If your cat misbehaves – by clawing furniture or spray-marking indoors, for example – you need to dissuade her.
Clapping your hands – not too loudly – or, better still, hitting your hand with a rolled-up magazine, will produce a sound disagreeable to the cat, but not so harsh as to startle her. You should not shout at a cat, and you should certainly never hit her.
Those claws can damage furniture - dissuade her from using them, and buy a scratching post!
If a cat begins to display unwanted behavior for no obvious reason, there may be some underlying problem. Is there something new in your home that might be upsetting her? This could be anything from a new pet to a new air freshener. If you’re sure this isn’t the case, and if the behavior persists for more than two days, have a word with your vet.
Signs that a cat has some hidden pain or discomfort
- Becoming antisocial, shy or keen on hiding
- Sleeping even more than usual
- Loss of appetite and reluctance to drink
- Sudden aggression or irritability
- Scared to jump anywhere
- Reluctant to use the cat flap
- Hunched up or crouching with eyes half closed
- Loss of interest in play or interaction
- Obvious anxiety, jumpiness or outright fear
- Aimless wandering around indoors
- Tangled or dirty coat where she is usually clean and tidy
- Odd vocal sounds
- Reluctance to use the kitty litter
- More grooming than usual; or no grooming
- Purring in non-relaxed situations
Is she stressed, or just a bit bored?
Sources of Stress For Cats
- Moving house
- New furnishings or painting, etc
- Food and water bowls, or litter tray, in a place she doesn’t like
- Strangers in the house
- A new pet
- A new baby
- A bully cat in the neighbourhood – or even in the same house
Stress may be present if your cat:
- Hides, or is more nervous than usual
- Sleeps more than usual
- Is impatient, intolerant when handled
- Is reluctant to do the things she usually enjoys – sitting in your lap, perching on a favorite high spot, etc.
- Sits alone, hunched up and unapproachable
- Loses interest in toys, play, and you
- Loses her appetite
- Shows an increase in appetite
- Has a disturbed sleep pattern
- Displays general restlessness
- Soils the floor instead of the litter tray
- Indulges in more grooming than normal
Aggression can be vented outdoors, but it's much more of a problem indoors
Aggressive Pet Cats
She may not be in the same league as a hungry lion, but your pet cat is still, deep down, a large-ish carnivore. If she’s feeling aggressive, it’s a big deal!
The usual reason for aggression is frustration, territorial instincts, maternal instincts (protecting her kittens), or fear - inspired, for example, by a dog or someone who has mistreated her. A cat kept indoors or on a short harness will pine for the great outdoors and a larger territory, and that may result in aggression. Unneutered cats can also become aggressive in the breeding season.
Give the cat space. If she's always indoors, she made need a change of scenery. You could rig up an outdoor "cat run", or consider using a harness, if you're afraid she might run away or come to harm on the road.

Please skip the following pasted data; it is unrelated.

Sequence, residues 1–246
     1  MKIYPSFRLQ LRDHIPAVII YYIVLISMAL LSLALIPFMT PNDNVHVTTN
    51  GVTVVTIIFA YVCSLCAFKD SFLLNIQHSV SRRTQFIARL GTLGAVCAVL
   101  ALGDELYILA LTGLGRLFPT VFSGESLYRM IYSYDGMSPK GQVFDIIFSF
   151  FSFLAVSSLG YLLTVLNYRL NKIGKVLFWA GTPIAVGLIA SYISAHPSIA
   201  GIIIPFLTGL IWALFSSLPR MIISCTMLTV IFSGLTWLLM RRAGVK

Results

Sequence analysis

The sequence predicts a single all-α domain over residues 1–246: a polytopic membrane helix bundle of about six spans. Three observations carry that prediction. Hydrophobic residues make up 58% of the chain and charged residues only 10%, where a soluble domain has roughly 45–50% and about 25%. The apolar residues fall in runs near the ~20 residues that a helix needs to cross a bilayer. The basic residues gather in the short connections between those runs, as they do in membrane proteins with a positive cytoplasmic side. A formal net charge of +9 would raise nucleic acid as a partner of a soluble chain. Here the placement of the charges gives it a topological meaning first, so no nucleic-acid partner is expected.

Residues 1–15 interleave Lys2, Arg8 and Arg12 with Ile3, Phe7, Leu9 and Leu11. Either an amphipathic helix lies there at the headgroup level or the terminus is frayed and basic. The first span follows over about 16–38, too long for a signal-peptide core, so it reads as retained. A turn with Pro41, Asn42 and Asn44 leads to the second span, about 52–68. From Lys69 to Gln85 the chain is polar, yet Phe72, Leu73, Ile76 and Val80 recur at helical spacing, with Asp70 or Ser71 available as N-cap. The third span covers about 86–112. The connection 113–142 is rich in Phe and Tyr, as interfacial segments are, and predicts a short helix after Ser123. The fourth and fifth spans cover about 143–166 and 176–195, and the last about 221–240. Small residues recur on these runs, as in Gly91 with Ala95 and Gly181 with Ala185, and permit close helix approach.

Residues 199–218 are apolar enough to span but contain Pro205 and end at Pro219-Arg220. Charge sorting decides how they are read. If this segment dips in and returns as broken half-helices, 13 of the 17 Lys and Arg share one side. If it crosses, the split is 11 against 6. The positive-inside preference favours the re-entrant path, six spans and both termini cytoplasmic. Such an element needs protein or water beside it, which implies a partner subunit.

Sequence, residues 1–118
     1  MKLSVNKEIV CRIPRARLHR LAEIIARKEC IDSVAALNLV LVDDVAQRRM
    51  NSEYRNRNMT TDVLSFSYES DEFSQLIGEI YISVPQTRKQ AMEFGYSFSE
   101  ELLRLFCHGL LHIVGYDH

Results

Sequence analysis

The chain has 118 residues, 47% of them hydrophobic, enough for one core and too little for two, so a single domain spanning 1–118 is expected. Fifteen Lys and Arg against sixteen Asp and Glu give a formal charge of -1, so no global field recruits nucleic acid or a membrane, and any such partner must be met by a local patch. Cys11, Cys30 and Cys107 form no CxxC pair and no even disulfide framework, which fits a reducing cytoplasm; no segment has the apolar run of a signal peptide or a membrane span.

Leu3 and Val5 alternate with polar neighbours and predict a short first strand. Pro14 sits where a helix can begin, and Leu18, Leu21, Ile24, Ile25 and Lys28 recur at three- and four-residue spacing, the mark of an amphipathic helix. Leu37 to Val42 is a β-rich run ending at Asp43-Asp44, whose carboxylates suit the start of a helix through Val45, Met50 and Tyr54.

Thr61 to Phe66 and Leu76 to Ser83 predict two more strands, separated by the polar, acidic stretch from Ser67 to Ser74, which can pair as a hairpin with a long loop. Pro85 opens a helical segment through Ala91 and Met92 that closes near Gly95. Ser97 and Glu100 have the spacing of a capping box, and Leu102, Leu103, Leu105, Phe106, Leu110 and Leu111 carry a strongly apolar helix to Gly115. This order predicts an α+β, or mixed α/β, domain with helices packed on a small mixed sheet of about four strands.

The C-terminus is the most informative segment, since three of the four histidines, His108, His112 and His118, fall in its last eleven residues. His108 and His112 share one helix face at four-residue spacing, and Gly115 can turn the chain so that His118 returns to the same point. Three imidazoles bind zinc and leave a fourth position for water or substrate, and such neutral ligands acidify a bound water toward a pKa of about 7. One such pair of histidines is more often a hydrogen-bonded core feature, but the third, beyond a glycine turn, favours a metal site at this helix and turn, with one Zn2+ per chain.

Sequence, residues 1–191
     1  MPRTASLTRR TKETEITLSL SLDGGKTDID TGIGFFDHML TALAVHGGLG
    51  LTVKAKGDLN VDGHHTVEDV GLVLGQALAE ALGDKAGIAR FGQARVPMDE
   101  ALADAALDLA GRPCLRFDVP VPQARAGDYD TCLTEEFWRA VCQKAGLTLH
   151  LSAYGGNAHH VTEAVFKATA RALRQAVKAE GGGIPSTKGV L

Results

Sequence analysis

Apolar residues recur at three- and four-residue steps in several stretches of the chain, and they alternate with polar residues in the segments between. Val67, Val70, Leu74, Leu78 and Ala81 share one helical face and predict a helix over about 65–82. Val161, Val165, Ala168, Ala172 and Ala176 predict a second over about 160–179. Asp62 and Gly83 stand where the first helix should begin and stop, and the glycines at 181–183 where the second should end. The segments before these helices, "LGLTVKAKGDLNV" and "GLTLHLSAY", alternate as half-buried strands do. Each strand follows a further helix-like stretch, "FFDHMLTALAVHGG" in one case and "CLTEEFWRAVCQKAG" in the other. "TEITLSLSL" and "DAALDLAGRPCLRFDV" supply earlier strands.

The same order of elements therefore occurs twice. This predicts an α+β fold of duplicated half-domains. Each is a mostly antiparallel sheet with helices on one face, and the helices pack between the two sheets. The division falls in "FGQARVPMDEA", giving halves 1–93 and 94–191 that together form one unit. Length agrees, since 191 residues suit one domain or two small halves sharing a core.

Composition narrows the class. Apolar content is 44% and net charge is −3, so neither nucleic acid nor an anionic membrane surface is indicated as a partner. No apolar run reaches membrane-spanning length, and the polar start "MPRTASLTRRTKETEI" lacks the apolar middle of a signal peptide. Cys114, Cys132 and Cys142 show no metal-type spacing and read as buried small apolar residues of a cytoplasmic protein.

Watch her body language. Look for symptoms of possible illness or injury. Spend more time with her. Use treats to reward good behavior. These are all ways of getting on top of the problem.
The only way through the problem is to understand the source of your cat's aggression, and address it. If it's not obvious, ask for advice at the vet's or an animal behaviorist.
Stopping Cats From Digging in the Garden
Cats don’t dig in the same way as dogs, but, being clean and tidy creatures, they like to bury their poop. You can keep them away from flowerbeds and other potential toilet areas by lacing unpleasant smelling items there. These include citrus peel and chicken droppings. Some pet shops even sell lion dung pellets as cat deterrents! Avoid pepper-based concoctions, as these can irritate the cat’s eyes and nose.
Broken egg shells and prickly plants can deter cats too. They are also quick to associate places with things they don’t like, so if you clap your hands loudly when she ventures near the forbidden zone, she should soon get the message. A standard water pistol – not the jet-powered ones that kids like to blast each with in the summer – will get the message across too. Most cats hate getting wet!
A cat's hunting instinct is strong
Stopping a Cat From Hunting
Hunting is a natural instinct in all cats, and sometimes the only way to stop it is to keep your cat indoors. If her hunting bothers you but you don’t want to keep her inside all the time there are ways to reduce or even stop hunting.
Cat’s are most likely to hunt at dusk and dawn so an easy step to take is to keep your cat in for a few hours around these times.
A hungry cat is more likely to hunt for extra portions. Overfeeding your cat is NOT the solution, but stick to a routine of regular meals. A full cat will be quite content to snooze the day away.
Play with your cat and provide her with a stimulating environment. Cat trees - a kind of mini cat gym - are great for this as they allow natural climbing, scratching and jumping opportunities. When your cat is well exercised she is more likely to prefer a nap to a hunting trip.
Cat collars that include a bell are a good ploy. The quiet jingle of the bell warns other animals of your cat’s presence. If you feel the bell is too quiet, add a few more to the collar. Always make sure it has a safety release clasp.